I knew the holiday time between Thanksgiving, Christmas, and New Years would be busy, but I naively thought I’d be able to write. I wasn't prepared for a few days to have gone by since I’ve had the time, or been home long enough, to open up my laptop.

Now I seriously understand every author who has said they don’t write during the holiday season. But I’m not beating myself up over it. It is what it is. I’ve also got a lingering bug that I caught at a family Christmas, so I’m choosing salt baths and hydration over pushing myself for words. I'm choosing to winter.

Yes, I'm wintering. That idea that we need seasons same as our environment. Winter is the time of year for salt baths, cozying up on the couch with a warm cuppa, quiet nights at home with loved ones. It's restorative and does wonders for the brain. If you haven't done any wintering yet, I highly suggest it! 

My imagination hasn’t taken time off yet, my plot continues to grow in my mind. So I’ve got that going for me. 

I hope your holiday preparations aren’t driving you crazy and that you either get time with your own words or turn some pages with someone else’s!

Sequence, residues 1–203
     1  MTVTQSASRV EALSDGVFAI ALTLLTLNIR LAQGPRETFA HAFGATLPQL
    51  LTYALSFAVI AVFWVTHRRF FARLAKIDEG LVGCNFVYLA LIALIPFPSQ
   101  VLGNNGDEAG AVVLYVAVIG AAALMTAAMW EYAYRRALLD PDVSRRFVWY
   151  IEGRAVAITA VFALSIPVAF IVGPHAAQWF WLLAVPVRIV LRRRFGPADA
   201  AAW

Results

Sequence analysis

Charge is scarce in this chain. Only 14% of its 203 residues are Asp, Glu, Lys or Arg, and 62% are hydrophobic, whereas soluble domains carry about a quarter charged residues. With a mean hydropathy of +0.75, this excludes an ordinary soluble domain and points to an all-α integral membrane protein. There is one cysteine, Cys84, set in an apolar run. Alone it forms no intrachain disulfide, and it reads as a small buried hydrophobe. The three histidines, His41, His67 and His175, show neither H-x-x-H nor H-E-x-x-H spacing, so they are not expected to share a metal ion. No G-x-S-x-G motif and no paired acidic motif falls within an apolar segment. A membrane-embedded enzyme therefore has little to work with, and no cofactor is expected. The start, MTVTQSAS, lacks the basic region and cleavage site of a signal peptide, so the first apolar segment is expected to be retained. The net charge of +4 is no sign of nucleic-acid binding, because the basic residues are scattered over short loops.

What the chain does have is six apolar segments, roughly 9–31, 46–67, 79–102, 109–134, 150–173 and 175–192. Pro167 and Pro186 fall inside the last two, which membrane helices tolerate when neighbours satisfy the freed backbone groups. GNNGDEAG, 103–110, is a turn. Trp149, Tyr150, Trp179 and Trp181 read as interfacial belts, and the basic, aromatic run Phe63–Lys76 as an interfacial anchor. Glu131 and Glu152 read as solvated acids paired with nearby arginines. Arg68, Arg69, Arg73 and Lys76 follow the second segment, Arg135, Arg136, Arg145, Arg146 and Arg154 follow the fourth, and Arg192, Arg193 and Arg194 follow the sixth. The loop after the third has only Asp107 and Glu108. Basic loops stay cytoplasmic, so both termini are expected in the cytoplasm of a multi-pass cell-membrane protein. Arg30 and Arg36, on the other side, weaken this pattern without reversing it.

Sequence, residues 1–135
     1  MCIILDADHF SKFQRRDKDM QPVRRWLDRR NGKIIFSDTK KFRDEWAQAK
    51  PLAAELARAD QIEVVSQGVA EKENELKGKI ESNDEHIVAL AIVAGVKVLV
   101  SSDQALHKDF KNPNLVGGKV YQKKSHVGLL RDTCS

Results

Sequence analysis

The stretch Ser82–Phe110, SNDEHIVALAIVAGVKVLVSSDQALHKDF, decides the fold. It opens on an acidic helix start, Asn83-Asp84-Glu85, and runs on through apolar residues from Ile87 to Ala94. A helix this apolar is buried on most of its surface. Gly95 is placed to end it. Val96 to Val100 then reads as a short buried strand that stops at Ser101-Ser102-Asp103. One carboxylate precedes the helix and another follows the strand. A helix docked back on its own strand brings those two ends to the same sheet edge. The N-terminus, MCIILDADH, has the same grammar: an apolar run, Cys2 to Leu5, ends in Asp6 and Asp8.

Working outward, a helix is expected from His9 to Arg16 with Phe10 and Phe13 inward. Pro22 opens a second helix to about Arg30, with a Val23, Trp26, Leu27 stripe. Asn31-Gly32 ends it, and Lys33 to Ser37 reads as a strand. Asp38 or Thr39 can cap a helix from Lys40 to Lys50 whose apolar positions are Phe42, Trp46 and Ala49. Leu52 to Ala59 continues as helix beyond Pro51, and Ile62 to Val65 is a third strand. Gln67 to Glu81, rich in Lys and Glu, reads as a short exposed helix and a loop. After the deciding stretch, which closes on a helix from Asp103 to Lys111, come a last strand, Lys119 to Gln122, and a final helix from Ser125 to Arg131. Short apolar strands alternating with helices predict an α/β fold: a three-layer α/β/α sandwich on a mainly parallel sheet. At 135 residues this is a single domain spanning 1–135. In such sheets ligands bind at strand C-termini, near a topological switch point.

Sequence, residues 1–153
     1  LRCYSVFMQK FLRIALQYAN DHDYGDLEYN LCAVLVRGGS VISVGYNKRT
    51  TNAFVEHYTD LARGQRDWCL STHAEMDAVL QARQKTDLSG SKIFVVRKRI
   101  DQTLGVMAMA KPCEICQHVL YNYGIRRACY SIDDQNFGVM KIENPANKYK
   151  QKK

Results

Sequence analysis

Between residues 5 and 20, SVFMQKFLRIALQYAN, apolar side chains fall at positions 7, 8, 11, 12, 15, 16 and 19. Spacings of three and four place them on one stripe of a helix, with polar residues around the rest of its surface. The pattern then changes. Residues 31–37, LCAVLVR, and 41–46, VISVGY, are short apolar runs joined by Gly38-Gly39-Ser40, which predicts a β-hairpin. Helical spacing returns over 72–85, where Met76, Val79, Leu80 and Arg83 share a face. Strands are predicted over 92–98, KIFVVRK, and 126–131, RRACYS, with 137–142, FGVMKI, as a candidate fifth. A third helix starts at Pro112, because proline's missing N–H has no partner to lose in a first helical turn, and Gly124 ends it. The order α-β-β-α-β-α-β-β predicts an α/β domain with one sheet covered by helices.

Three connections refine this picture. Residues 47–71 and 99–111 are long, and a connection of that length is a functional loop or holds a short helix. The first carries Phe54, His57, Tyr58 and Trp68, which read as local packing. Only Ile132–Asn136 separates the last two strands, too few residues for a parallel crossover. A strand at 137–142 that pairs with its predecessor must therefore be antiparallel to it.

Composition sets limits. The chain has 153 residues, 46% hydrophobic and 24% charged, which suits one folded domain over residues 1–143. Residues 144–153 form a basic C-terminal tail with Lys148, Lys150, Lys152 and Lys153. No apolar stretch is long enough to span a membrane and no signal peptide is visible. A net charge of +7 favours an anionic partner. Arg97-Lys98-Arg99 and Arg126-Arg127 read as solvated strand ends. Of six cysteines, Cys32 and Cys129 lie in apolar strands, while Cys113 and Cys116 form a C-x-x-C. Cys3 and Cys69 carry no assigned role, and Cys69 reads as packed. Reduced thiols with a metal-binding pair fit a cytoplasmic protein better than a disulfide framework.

Merry Christmas!

Tuesday, December 19, 2023

A Peaceful Pause

 This Week's Topic: On My Mind, the Winter Edition

Image: Winterscape and text reading "a peaceful pause."

It's the time of year when I give myself permission to not write, to pause marketing analysis, and to back off ad management. There's no guilt for missing word-count goals. No stress over skipping editing pages. My book discounts and winter ad campaigns were launched at the beginning of the month and are slated to run through the end of January (yes, I do winter campaigns versus holy day campaigns).  I check my sales mostly because it's a habit and not because I will do anything to adjust campaigns.

When writing full-time--or any type of self-employment--we often forget to give ourselves permission to take a break. As creatives, it's imperative we step back, step away, and step into a place of regeneration and relaxation. Too many of us attempt to keep our work schedules during times of the year that we know will demand a lot of us outside our fictional worlds. Whether it's family obligations, religious observations, charity deliverables, or community interactions, the end of the calendar year is exceptionally taxing. Fighting the inevitable isn't worth my health or my sanity. Thus, I give myself permission to set aside my writing--both the creation and the business--to participate in the season of giving. Giving my time, my emotion, and my cooperation to those who've supported me throughout the year.